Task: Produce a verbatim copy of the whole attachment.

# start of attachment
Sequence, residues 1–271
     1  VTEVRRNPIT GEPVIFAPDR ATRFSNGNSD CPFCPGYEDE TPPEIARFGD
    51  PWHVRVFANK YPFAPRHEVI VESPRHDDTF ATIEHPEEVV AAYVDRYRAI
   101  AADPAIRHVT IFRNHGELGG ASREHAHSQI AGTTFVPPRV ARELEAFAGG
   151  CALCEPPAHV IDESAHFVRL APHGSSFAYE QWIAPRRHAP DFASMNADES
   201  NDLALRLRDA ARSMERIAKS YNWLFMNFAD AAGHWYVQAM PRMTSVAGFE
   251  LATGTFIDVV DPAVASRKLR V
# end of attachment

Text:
Sequence, residues 1–271
     1  VTEVRRNPIT GEPVIFAPDR ATRFSNGNSD CPFCPGYEDE TPPEIARFGD
    51  PWHVRVFANK YPFAPRHEVI VESPRHDDTF ATIEHPEEVV AAYVDRYRAI
   101  AADPAIRHVT IFRNHGELGG ASREHAHSQI AGTTFVPPRV ARELEAFAGG
   151  CALCEPPAHV IDESAHFVRL APHGSSFAYE QWIAPRRHAP DFASMNADES
   201  NDLALRLRDA ARSMERIAKS YNWLFMNFAD AAGHWYVQAM PRMTSVAGFE
   251  LATGTFIDVV DPAVASRKLR V